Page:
63% of the 500 Largest U.S. Public Companies Are Voluntarily Reporting on Scope 3 Emissions, According to Diligent
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A new report produced by Insightia, a Diligent brand, reveals that Europe leads the world in Environmental and Social scores, with the U.S. leading in Governance
U.S. organizations are proactively preparing for Scope 3 reporting, with 63% of the 500 largest U.S. public companies voluntarily reporting on Scope 3 emissions, according to a new report from Diligent, a leading GRC SaaS company. The ESG 2023 report produced by Insightia (a Diligent brand) in association with Vinson & Elkins, highlights how issuers are being held accountable for emissions reporting on a global scale, with regulators, standard setters and investors alike calling for mandatory Scope 3 reporting.
The sustained pressure to enhance climate disclosures underscores the need for clear and consistent insights into climate performance, as well as the ability to benchmark ESG data against industry peers to optimize shareholder engagement.
“Regulatory developments are set to revolutionize how companies globally are held accountable for their ESG policies and practices,” said Josh Black, editor-in-chief at Diligent. “With a myriad of new requirements to juggle, it’s increasingly important for leaders to be proactive in addressing ESG-related risks and opportunities. This is especially true for those in high-risk sectors such as energy and utilities.”
The report, which is powered by Insightia’s newly launched ESG module in partnership with Clarity AI, reveals that Europe leads the world in Environmental and Social scores with average scores of 55 and 47, respectively. Meanwhile, the U.S. leads in Governance, with an average score of 70.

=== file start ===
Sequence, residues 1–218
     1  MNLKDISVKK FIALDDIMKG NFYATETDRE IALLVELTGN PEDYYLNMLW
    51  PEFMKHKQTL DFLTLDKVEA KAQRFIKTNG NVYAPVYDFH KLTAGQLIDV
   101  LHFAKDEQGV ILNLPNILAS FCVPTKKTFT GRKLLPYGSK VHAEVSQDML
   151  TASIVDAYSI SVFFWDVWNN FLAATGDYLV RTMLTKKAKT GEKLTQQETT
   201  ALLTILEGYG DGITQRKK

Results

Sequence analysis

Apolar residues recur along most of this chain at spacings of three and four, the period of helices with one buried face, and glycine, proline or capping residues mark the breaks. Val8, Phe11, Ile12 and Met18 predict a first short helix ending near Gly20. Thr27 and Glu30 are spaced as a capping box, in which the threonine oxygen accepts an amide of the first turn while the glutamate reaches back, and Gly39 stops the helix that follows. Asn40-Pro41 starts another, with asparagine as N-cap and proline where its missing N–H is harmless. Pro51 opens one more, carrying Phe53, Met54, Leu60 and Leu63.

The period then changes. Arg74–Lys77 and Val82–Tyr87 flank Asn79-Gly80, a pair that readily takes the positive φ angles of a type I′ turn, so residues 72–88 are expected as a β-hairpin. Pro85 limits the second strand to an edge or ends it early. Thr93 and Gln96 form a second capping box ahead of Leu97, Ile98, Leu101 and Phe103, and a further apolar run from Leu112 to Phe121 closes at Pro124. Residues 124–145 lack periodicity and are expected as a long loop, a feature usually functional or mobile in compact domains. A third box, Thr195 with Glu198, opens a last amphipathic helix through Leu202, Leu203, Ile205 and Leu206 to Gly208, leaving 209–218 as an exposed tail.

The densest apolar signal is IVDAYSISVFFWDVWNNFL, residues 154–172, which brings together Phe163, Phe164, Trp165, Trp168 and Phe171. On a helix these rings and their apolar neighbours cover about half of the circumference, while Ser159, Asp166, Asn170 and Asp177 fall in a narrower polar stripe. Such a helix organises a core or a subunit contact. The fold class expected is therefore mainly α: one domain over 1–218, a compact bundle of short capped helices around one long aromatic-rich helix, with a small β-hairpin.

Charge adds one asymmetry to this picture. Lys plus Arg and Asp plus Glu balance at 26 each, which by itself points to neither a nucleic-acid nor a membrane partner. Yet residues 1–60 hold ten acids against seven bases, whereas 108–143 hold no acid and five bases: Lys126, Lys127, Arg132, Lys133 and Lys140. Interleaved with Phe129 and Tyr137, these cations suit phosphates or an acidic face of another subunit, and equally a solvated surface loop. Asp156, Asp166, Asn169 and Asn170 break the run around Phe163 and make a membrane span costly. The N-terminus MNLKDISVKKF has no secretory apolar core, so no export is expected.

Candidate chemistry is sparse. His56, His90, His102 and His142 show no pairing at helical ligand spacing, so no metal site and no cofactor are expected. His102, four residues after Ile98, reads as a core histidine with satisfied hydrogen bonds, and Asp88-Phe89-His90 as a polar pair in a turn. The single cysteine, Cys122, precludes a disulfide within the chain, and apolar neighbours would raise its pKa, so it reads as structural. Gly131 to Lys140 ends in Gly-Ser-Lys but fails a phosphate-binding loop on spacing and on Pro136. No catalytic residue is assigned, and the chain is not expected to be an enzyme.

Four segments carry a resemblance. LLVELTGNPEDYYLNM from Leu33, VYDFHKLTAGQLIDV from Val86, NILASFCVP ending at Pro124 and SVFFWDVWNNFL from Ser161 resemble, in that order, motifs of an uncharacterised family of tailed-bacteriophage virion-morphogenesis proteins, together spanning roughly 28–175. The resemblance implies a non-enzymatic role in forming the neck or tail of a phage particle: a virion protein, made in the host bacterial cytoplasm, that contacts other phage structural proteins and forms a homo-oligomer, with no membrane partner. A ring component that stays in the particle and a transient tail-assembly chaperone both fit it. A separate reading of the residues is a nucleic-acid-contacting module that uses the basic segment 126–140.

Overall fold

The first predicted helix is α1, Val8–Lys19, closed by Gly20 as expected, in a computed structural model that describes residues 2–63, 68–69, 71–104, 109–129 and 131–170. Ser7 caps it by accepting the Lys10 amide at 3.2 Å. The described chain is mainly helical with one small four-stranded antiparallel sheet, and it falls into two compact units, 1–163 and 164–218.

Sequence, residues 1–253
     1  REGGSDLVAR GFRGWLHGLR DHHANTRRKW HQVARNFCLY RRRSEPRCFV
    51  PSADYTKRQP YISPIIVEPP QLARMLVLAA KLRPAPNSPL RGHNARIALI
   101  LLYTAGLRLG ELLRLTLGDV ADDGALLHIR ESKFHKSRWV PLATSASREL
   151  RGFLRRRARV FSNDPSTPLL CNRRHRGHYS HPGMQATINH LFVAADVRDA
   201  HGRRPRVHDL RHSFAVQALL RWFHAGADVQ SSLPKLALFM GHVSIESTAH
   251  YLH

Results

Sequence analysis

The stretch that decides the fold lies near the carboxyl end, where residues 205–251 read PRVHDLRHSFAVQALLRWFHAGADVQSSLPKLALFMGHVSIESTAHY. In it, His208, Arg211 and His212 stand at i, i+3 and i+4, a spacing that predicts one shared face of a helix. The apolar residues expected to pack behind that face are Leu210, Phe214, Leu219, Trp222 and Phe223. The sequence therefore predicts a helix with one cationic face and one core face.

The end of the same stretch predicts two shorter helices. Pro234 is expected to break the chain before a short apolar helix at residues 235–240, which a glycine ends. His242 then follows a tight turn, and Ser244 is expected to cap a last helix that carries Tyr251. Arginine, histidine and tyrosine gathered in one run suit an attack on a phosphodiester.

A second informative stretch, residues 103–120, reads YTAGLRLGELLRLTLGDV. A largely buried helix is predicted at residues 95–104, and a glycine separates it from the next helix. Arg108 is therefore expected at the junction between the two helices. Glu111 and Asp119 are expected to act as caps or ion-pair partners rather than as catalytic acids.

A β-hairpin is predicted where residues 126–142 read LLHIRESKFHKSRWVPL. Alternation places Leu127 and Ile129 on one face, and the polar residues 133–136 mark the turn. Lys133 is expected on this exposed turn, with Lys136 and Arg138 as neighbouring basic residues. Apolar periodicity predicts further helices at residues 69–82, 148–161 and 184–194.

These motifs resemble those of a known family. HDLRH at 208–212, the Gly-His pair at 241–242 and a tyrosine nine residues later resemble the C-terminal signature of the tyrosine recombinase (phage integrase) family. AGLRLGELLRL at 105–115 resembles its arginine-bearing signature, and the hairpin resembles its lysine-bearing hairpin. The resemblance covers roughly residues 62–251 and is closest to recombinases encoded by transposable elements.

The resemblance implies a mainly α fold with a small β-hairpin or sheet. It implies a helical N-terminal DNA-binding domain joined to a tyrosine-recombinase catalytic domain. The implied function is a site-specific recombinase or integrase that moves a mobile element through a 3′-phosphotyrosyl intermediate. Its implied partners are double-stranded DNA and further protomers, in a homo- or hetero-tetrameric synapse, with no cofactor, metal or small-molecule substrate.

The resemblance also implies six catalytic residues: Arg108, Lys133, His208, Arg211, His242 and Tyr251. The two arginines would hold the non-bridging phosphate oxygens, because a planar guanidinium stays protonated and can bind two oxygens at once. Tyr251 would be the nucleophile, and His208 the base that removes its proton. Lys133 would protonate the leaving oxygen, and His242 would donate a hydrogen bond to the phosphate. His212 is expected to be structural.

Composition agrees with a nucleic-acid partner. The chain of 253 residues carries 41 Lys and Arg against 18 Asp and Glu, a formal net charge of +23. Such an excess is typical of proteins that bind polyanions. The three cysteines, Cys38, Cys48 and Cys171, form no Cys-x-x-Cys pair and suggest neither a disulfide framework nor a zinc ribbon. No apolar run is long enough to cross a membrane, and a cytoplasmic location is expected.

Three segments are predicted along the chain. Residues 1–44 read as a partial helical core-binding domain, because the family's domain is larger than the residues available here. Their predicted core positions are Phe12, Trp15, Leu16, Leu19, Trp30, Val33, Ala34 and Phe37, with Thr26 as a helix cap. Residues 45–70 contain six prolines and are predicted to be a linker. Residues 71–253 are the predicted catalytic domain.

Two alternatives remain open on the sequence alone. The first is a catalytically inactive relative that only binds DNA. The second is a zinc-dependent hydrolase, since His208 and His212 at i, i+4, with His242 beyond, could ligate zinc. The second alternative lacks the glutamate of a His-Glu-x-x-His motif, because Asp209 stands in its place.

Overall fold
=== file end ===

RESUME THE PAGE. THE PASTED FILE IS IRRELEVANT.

Other top findings include:
Scope 3 reporting goes global:
- Emissions-intensive sectors face sustained pressure to enhance their net-zero commitments, with climate change shareholder proposals winning 32.4% and 36.7% average support in the U.S. energy and aerospace/defense sectors, respectively, in the first five months of 2023.
- U.S. issuers are proactively preparing for Scope 3 reporting, with 63% of the 500 largest U.S. public companies currently voluntarily reporting on Scope 3 emissions.
Pressure mounts on issuers to enhance ESG disclosure:
- Although average support for E&S shareholder proposals appeared to fall over the last two years, the number that passed remains elevated and more ESG requests are being withdrawn for agreements. Twenty-six E&S proposals won majority support at S&P 500 companies in 2022, compared to 18 and 30 in 2020 and 2021, respectively.
- ESG metrics in compensation are increasingly the norm. Sixty-eight percent of 365 issuers surveyed in continental Europe and the U.K. in 2020 had at least one ESG metric in their incentive plans. Twenty-nine percent of FTSE 350 companies included at least one ESG metric in their executive compensation plans in 2019. This figure rose to 33% in 2021.
ESG activism out of favor with hedge funds:
- Rising inflation has placed ESG activism on the backburner for traditional activist hedge funds. 3.3% and 7.4% of environmental and social activist demands have been at least partially successful in the first five months of 2023, compared to 5.7% and 13.9% support, respectively, in the same period a year prior.